Flesh and Blood

I’ve been born again into your family. Your blood flows through my veins.
— No Longer Slaves, Bethel Music
Graffiti on a building near train tracks. Hixson, TN.

Graffiti on a building near train tracks. Hixson, TN.

"I'm going to be a big brother," the little boy says gleefully to the old woman in the grocery store.

"Lord, you ain't pregnant again, are you?" the old woman asks, turning to crane her neck at the boy's mother.

"No," the mother replies. "We're planning on adopting."

"Are you crazy?" the old woman says. "Adopting? I'd never mix somebody else's children with my own flesh and blood."

The mother feels her face flush with embarrassment for the old woman's bitterness and ignorance, embarrassment that her children have been subjected to this condescending outburst in so public a place, and embarrassment that she isn't quick enough to respond in any other way than to bid the woman a perhaps too-cloyingly cheerful goodbye.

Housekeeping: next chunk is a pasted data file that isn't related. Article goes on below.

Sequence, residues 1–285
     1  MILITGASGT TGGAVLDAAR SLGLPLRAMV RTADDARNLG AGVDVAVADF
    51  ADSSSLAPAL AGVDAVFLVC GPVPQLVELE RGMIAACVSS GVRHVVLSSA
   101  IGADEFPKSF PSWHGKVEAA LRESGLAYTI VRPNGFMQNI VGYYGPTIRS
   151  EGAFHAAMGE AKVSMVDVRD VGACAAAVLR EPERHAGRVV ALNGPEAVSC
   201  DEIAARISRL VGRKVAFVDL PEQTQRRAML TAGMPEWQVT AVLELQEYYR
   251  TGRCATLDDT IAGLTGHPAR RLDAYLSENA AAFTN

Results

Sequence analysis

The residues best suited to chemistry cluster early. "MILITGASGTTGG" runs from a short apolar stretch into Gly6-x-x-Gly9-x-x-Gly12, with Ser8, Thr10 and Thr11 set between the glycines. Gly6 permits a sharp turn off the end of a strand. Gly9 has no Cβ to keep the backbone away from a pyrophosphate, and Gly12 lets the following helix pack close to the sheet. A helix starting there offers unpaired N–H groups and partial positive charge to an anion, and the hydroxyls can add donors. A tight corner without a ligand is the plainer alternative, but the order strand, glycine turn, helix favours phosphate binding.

There's something about the way the old woman had used the phrase her "own flesh and blood" that betrayed the self-professed Christian's deep-seated and decidedly un-Christian prejudice against orphan care.

How could a so-called Christian be against adoption when it's the very flesh and blood of Jesus through which our own adoption into the family of God was made possible?

The mother in this story is my wife, and this actually happened several months ago. 

And we are planning on adoption.

Just call us crazy.

Religion that God our Father accepts as pure and faultless is this: to look after orphans and widows in their distress and to keep oneself from being polluted by the world.
— James 1:27